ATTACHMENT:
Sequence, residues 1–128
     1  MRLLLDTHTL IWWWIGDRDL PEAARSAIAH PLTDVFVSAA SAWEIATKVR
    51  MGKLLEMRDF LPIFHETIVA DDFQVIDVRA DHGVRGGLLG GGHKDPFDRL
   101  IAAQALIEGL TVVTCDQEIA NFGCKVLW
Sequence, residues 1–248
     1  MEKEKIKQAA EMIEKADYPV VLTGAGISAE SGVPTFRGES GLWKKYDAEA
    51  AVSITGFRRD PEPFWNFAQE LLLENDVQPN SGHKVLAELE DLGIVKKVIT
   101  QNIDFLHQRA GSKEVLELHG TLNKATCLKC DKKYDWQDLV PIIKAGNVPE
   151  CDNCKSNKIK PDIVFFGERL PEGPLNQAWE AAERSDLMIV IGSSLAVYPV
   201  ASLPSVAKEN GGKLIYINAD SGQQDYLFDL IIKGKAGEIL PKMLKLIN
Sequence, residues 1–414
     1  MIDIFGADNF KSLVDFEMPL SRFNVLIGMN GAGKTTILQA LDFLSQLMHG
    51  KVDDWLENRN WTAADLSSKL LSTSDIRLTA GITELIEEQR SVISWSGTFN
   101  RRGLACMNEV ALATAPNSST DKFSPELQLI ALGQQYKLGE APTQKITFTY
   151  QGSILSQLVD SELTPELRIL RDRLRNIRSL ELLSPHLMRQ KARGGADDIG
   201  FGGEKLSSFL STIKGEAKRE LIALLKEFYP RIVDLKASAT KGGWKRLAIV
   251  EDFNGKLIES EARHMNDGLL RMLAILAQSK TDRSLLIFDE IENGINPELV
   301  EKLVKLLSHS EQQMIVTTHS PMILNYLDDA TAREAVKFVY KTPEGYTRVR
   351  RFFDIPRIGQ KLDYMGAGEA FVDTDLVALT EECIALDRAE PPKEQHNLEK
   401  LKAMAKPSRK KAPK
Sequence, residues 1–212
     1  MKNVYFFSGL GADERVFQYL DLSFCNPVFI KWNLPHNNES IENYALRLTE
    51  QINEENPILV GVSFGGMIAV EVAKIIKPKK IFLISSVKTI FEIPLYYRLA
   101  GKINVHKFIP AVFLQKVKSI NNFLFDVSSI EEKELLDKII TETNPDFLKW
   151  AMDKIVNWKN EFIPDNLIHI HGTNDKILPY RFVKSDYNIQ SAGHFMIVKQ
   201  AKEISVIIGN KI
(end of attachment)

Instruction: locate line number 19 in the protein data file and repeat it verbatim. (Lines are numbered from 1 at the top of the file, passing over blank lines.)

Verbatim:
   351  RFFDIPRIGQ KLDYMGAGEA FVDTDLVALT EECIALDRAE PPKEQHNLEK